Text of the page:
5 Lomography Cameras for Retro, Dreamy Photography
Digital photography has come a long way. It has removed the barrier of expensive film and development, led to decent smartphone cameras that let anyone to snap a photo anywhere, and bumped the maximum resolution up to a ridiculous 59,783-by-24,658-pixel image. At the same time, high-end digital cameras and lenses can get very expensive, and that fact holds back some from experimenting. Some groups still stand by the analog format, and lomography is perhaps one of the most interesting results.
Lomography is an artistic experimental photography movement that revolves around quirky, plastic cameras that use film. The cameras take heavily vignetted and saturated pictures for a low-fi look that makes them comparable to their digital camera counterparts, some of which cost 100 times more money. Some of these cameras are also designed to do something I’ve never imagined with my DSLR.
There’s nothing like a reliable classic. My first film camera was a 35mm, and this is probably the case for anyone who has wound his or her film by hand. The Holga 35mm comes with a plastic 47mm lens (which is a good focal distance for any kind of photography), and the minimum aperture limit set at f/8 ensures that nothing in your shot will be out of focus. The camera also has a decoupled film advance and shutter, which means you can shoot double exposures on the same frame.
3D photography is still a very expensive niche in the digital space. But the Holga 120-3D Stereo Camera is an inexpensive analog alternative that takes two simultaneous shots with twin lenses. However, you'll need to buy a special slide viewer to see the images in 3D, and the 120mm film is a bit more costly than standard film.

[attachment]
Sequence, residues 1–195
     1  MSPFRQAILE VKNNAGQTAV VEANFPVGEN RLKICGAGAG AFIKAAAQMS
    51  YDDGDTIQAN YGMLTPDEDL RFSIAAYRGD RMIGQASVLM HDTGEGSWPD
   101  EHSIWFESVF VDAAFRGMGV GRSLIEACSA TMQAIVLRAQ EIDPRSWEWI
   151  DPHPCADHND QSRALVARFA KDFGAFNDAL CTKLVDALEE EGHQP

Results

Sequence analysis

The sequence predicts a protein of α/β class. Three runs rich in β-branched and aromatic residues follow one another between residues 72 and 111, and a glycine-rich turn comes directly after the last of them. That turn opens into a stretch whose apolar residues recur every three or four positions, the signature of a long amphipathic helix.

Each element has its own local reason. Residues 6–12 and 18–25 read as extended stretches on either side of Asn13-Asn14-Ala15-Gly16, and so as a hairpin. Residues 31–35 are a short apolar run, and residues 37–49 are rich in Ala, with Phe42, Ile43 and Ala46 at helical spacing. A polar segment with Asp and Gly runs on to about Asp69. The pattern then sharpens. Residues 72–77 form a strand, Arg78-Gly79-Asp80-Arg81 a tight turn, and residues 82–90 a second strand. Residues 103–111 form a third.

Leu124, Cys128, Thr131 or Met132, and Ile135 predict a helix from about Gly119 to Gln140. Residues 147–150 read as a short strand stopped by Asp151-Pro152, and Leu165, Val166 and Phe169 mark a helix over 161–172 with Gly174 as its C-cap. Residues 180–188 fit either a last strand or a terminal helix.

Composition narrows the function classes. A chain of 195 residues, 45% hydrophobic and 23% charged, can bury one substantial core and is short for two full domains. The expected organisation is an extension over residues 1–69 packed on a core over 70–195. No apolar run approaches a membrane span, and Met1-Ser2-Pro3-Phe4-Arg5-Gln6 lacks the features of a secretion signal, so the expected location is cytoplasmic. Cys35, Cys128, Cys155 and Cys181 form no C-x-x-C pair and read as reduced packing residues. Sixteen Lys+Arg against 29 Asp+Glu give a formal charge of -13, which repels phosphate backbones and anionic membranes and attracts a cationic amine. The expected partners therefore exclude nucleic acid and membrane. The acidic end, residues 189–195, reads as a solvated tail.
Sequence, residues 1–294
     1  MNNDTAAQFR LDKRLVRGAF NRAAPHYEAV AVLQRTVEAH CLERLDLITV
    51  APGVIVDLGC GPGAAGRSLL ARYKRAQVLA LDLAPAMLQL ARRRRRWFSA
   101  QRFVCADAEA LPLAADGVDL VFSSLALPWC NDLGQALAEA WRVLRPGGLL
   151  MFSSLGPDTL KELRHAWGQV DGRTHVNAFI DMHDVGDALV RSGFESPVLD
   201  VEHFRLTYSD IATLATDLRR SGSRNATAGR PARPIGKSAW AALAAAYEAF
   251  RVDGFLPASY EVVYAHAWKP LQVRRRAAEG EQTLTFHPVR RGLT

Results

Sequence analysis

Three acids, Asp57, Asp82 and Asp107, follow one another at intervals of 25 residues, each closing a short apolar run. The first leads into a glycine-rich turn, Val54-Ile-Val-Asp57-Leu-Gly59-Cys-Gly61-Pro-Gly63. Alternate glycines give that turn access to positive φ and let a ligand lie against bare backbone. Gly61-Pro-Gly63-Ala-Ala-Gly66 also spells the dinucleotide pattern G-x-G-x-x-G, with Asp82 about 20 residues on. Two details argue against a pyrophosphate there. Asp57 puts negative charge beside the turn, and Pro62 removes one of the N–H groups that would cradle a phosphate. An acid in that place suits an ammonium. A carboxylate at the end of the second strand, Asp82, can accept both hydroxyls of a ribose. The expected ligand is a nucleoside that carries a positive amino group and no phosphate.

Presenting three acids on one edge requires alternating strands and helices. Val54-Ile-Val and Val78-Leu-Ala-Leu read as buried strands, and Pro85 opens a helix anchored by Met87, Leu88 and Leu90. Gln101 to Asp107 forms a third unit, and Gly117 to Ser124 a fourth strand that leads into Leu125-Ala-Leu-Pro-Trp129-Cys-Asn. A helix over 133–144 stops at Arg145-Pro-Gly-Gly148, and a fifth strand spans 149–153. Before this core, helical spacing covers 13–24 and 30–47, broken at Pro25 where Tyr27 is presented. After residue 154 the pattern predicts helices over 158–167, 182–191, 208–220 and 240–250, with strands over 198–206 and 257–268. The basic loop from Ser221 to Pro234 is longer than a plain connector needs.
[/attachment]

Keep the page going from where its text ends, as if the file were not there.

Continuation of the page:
Taking a regular panoramic shot usually entails shooting a set of vertical photos while moving your camera around an axis. It takes a decent amount of time to set up, and you don’t get any results until you are done with post processing, cropping, and cleaning it up. The Spinner 360° simplifies everything with a ripcord. Just pull the cord, and the camera starts spinning to take a full 360-degree image.
Specialty lenses that provide a particular look to your photos can be really expensive, so a fisheye camera for under $60 is a real bargain. This particular fisheye camera takes photos in an ultra-wide 170 degrees and a near-circular view thanks to the lens's extreme distortion effect.
A quick-burst shooting mode is one of my favorite things about using a DSLR, but it’s a feature that's almost completely absent on affordable point-and-shoots. The SuperSampler is quick-snapper that takes four consecutive exposures on the same frame of film. The four separate lenses take a sequence of four exposures in 2 seconds on a single photo.
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